Truth-O-Meter passes on claim about 10th Amendment

GOP presidential candidate Newt Gingrich wants you to join an effort to give the Tenth Amendment the attention he thinks it deserves
GOP presidential candidate Newt Gingrich wants you to join an effort to give the Tenth Amendment the attention he thinks it deserves

Fans of limited government, put down those pompoms and get off the sidelines. GOP presidential hopeful Newt Gingrich wants you to join Team 10.

Long a rallying point for those who want to curtail the power of federal government, the 10th Amendment to the U.S. Constitution describes the powers held by states and people. It’s been neglected for too long, Gingrich said in a conference call announcing the effort.

That’s why Gingrich launched Team 10, an Internet crowd-sourcing initiative, to brainstorm ideas to end big government and get the federal government to "enforce the 10th Amendment," the effort’s Facebook page says.

"Since the mid-1930s, the president and Congress have steadily ignored the 10th Amendment," Gingrich said Aug. 9.

Sounds like the supreme law of the land is suffering from severe neglect. Is Gingrich’s statement true?

PolitiFact Georgia asked the Gingrich campaign for evidence but received no response. We rounded up some experts on the Constitution with a variety of viewpoints on the 10th Amendment to help us in Gingrich’s absence.

Their insight prompted us to make the rare move of switching off our Truth-O-Meter and opting out of issuing a ruling. While Gingrich’s claim might be taken as a statement of fact, experts agreed that it’s more a matter of conviction.

This is what the 10th Amendment says:

"The powers not delegated to the United States by the Constitution, nor prohibited by it to the States, are reserved to the States respectively, or to the people."

Legal scholars who support and oppose Gingrich’s claim told us that mainstream legal scholars agree that the 10th Amendment repeats or re-emphasizes other parts of the Constitution that divvy up power between the states and branches of the federal government.

These other sections list or "enumerate" the powers of Congress, such as regulating trade between states, collecting taxes or declaring war. They also list powers the states don’t have, such as printing money or entering into a treaty with a foreign government.

The big legal controversy is over where federal powers end and state powers begin.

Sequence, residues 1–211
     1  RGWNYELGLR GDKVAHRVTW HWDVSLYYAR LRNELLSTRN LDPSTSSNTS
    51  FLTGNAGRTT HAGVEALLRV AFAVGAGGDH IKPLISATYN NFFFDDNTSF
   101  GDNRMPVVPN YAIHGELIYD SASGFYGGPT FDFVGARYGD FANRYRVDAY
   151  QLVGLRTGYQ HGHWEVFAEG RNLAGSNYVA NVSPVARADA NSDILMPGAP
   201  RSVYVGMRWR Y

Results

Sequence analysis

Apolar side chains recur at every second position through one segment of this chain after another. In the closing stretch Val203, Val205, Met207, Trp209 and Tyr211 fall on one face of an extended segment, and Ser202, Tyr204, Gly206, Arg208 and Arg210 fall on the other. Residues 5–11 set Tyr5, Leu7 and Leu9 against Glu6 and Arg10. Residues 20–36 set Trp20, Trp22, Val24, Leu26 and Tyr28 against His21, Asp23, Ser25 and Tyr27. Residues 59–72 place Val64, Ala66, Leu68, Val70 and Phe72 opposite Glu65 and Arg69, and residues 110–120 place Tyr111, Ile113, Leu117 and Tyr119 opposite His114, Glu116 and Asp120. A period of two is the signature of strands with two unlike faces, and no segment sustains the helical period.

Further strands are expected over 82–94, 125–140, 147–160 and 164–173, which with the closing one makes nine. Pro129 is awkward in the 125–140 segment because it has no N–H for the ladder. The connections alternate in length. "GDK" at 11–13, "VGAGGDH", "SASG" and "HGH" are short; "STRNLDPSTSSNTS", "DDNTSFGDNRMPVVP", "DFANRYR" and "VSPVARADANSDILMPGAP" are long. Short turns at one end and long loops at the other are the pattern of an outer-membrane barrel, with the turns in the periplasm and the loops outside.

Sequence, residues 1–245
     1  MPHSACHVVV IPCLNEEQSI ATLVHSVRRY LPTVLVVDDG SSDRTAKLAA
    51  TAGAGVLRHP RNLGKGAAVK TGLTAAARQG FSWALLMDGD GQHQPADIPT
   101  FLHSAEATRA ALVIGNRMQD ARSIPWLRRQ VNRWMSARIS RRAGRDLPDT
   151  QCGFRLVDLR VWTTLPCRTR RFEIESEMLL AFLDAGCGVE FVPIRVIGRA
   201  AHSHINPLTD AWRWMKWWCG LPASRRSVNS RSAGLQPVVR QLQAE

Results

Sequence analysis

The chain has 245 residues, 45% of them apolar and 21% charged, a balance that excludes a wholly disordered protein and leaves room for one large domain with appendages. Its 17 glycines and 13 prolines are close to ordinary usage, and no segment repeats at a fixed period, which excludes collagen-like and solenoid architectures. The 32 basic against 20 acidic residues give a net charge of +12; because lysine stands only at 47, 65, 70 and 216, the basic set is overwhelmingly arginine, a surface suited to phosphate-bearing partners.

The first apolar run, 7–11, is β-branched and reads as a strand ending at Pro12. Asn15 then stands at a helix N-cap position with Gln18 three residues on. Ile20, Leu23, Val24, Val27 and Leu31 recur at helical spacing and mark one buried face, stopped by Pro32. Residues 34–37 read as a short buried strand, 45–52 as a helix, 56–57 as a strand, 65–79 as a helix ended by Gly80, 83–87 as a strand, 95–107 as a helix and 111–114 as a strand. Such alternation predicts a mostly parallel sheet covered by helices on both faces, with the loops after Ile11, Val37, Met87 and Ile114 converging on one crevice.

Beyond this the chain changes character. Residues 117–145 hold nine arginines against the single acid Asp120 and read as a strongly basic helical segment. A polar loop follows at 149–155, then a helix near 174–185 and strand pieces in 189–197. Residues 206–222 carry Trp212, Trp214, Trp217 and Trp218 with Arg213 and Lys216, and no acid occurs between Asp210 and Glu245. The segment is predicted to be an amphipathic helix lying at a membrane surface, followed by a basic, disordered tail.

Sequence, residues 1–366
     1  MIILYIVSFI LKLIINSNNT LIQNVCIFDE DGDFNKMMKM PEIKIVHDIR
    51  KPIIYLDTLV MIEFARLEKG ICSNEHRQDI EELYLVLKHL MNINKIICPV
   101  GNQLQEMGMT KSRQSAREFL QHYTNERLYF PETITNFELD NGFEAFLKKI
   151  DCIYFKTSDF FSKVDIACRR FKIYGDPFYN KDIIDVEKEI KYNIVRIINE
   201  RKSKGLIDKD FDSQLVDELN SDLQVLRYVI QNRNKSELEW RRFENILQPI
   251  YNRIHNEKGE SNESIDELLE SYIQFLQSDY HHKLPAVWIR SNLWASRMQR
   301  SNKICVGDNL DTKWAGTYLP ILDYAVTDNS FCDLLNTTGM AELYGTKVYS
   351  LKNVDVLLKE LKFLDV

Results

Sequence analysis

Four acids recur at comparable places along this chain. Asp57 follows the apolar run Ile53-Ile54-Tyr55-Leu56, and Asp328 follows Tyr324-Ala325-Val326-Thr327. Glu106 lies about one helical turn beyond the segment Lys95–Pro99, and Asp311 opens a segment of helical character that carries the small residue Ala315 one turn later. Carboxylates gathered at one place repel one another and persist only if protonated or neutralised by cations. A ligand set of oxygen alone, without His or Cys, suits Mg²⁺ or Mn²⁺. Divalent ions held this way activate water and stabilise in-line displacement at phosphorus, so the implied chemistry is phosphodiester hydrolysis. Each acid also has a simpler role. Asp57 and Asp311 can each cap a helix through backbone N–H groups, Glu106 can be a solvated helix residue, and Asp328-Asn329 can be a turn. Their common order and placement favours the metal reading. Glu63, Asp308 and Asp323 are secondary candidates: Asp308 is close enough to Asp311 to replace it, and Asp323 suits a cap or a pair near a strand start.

During President Franklin Roosevelt’s administration, the U.S. Supreme Court repeatedly decided in favor of expanding these enumerated powers.  

For instance, the 1937 ruling National Labor Relations Board v. Jones & Laughlin Steel Corp. said that the board may regulate labor because the Constitution gives the federal government the power to regulate interstate commerce.

Under 1942’s Wickard v. Filburn, the court decided it was within the government’s power to regulate the production of wheat, even if it’s grown to be used on the farm instead of sold.

Congress passed laws that took advantage of the powers the Supreme Court ruled that it possessed.

President Ronald Reagan, though, tried to hold the 10th Amendment line. In 1987, Reagan issued an executive order that repeated the purpose of the amendment and told executive branch agencies to give states and their powers a wide berth, if constitutionally possible. A 1998 order by President Bill Clinton revoked it.

Does that mean that the president and Congress are ignoring the 10th Amendment? If you think the Supreme Court has done a good job of interpreting it, then probably not. You could reasonably say that both branches of government have given the amendment its due so long as the laws they passed and enforced withstood the court’s scrutiny.  

If you think the high court blew it and allowed federal powers to overstep their proper boundaries, then it’s reasonable to think they are ignoring the 10th Amendment.  

PolitiFact Georgia therefore feels obliged to do what we’ve done only once before in the 300 or so decisions we’ve published in The Atlanta Journal-Constitution. We’re withholding a ruling.

Gingrich’s claim that the president and Congress have "steadily ignored" the 10th Amendment since the mid-1930s may appear verifiable, but it’s neither True nor False. It’s a matter of opinion.